It’s no secret we geek out about the strawberries in our Roasted Strawberry Buttermilk ice cream. Little gems ruby red to their core and far more flavorful than their bite-size appearance would have you believe. So deep is our love for farmer Mike Hirsch’s strawberries—grown just for us an hour away from our kitchen—we had to celebrate. We needed a picnic-style party to embrace the fleeting Ohio strawberry season. We gathered some of our favorite people in and around Columbus for the inaugural Strawberry Jam; a casual affair with good tunes and good people, and lots of strawberry ice cream.

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Seventh Son Brewing, one of Columbus’s best breweries, offered to host. Our friends from wine and beer shop Barrel & Bottle in the North Market provided beautiful rose wine. Produce whiz Cara Mangini of Little Eater (we wrote about her cookbook a few months ago) made a killer potato salad and amazing kale salad. Of course farmer Mike Hirsch was there with pints of his tiny berries, and we served split pints of Roasted Strawberry Buttermilk for dessert. It was a night filled with conviviality and we can’t wait to see how the Strawberry Jam grows with even more friends next year.

But we want to take a break from strawberry talk to discuss the main course. It was a Jeni’s house favorite: cold fried chicken. Actually, it was cold hot chicken to be precise, from the amazing Hot Chicken Takeover in the North Market—something almost always on hand for lunch at Jeni’s HQ. (Try it if you haven’t. There’s just something that happens when fried chicken is cooled overnight in the fridge. The breading turns soft like stuffing and the cayenne heat of the Nashville-style chicken intensifies. It’s delicious!)

Yes, we love Hot Chicken Takeover founder and head fryer Joe DeLoss for his chicken, but truly admire him for his company mission. Two years ago, Joe started HCT as a fried chicken takeout window in an up-and-coming Columbus neighborhood. Diners would drive 30 minutes plus and wait an hour in line for his spicy fried chicken, mac and cheese, cole slaw, and all the sweet tea you can drink. A fact that hasn’t changed much—you’ll still find a long, but friendly line of customers patiently waiting six days a week at his North Market restaurant.

Joe started on this venture with a social mission in mind. He wanted to create jobs for people considered unemployable. He wanted to build a company that evolves with and cares for its workforce. And he’s done just that. He’s expanded from a carryout window to a full-service restaurant, a catering arm, and a food truck. His menu now includes multiple heat levels of chicken (every piece fried to order), waffles on the weekends, and some pretty addicting banana pudding.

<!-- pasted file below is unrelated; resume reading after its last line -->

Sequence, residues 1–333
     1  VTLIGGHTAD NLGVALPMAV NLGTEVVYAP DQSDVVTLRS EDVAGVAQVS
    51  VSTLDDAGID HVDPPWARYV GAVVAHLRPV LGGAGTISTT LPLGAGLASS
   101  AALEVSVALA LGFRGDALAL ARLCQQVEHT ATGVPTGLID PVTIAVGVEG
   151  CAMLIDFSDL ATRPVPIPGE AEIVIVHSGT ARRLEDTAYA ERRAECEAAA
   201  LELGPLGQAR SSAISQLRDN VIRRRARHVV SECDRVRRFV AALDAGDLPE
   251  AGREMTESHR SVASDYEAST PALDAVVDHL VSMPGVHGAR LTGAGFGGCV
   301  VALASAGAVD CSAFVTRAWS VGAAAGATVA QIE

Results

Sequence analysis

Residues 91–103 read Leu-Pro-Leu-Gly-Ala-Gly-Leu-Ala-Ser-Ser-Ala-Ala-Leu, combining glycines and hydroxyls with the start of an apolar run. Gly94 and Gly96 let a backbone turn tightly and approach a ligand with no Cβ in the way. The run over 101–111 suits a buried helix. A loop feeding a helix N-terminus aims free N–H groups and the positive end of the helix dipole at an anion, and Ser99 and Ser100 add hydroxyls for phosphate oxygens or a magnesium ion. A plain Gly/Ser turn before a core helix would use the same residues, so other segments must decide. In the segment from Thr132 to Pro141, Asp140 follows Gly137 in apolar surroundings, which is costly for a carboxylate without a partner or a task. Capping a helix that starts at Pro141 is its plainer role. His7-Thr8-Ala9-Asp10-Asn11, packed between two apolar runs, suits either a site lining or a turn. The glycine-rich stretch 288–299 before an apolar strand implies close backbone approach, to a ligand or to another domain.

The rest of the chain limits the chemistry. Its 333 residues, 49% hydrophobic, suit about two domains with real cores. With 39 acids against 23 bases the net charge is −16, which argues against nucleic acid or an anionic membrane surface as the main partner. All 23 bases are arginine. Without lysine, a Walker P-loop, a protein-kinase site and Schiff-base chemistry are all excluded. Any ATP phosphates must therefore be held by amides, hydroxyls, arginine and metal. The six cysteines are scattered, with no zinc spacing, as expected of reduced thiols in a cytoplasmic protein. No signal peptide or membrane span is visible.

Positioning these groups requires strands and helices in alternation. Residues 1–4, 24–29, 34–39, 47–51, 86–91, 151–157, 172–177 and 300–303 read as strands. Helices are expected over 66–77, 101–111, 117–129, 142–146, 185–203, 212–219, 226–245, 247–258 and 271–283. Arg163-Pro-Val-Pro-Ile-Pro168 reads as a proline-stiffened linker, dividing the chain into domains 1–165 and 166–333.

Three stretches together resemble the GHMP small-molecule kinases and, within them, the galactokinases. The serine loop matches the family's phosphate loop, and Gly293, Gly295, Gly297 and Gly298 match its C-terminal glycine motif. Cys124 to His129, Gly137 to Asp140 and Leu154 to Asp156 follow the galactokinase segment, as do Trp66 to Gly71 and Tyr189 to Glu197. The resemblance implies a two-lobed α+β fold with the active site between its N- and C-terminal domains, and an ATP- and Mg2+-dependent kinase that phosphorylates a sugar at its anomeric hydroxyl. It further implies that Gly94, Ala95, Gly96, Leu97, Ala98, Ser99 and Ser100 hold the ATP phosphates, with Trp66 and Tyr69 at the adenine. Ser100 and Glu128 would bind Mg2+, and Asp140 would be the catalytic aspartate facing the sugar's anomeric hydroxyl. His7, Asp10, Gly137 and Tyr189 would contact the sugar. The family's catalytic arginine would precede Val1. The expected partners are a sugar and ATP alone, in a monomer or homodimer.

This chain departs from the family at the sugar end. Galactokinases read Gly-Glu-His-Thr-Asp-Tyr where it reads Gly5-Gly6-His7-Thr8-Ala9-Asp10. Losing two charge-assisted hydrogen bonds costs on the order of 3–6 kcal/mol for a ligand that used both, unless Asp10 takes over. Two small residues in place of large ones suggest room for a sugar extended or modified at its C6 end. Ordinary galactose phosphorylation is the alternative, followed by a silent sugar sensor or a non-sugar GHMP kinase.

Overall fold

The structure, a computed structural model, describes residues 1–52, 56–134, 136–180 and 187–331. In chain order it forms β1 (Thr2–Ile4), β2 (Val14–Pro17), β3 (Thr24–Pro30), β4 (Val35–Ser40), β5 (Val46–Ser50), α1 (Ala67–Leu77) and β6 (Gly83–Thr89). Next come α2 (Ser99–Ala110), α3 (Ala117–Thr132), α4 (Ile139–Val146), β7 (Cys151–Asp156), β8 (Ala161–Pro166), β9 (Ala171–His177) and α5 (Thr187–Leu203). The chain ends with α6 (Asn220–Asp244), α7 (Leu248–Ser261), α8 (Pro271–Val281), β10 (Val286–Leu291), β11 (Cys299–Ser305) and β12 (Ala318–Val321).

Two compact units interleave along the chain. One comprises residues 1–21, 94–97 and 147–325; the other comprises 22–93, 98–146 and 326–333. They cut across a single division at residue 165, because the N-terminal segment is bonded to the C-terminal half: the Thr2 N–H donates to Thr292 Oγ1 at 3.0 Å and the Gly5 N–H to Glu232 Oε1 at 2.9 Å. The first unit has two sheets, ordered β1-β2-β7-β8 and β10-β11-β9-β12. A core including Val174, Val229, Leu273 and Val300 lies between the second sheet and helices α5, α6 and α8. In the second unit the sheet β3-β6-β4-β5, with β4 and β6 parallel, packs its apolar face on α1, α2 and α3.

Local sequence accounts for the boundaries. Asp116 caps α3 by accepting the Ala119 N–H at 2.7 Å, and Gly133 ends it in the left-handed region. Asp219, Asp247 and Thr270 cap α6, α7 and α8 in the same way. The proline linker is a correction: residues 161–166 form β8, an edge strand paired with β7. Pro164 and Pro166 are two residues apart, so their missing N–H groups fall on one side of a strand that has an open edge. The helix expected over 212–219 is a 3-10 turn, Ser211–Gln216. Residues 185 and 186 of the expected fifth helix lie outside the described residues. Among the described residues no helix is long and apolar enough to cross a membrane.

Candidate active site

We caught up with Joe (genuinely one of the nicest guys around) to talk social enterprise, hot chicken, and his addiction to iced tea.


Most of your professional career has been focused on social enterprise. What instilled in you this need to help others?

I have not had a life affected by poverty or incarceration or homelessness. And I’ve had a lot more privilege in hindsight than I ever imagined. When I was in college, I started to more viscerally understand and meet people who had such a different experience than mine coming up. It was a really meaningful education for me and in a lot of ways enriched my life and my world. I kind of got hooked on just seeing people’s life improve because of opportunity, and I wanted to be part of that journey. Employment was a really sustainable way to do that. Separate from that, I was really passionate about entrepreneurship, always been, and passionate about service and volunteerism. And that kind of itch got scratched by this social enterprise.

DeLoss Headshot

How did you know you were going to be an entrepreneur?

I can give you a series of enterprises I had when I was young. But I was always finding ways to create my own money. Or before money I wanted to own this things or do this thing. As a kid one of the first experiences we had was myself and my buddies, I was kind of the ring leader, we all looted our parents’ pantries and loaded up a Radio Flyer wagon with a cooler and rode the wagon around our subdivision that was under construction and sold stuff to construction workers. We were selling cold pop and candy bars and popsicles. It lasted for maybe a week, week and a half, which is a long time when you’re a kind in fourth grade. But all our moms realized the pantry was getting eaten through faster than normal and they got wise to the fact that we were running a business with no expenses.

I was an amateur magician in middle school and I did birthday parties. (He still knows a few tricks involving a sponge ball, he quips.) In high school I taught guitar lessons. I’ve always been finding a way to create my own.

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You don’t come from a restaurant background. But several of the businesses you’ve created are in the hospitality industry. How did you find food was the right venture for you?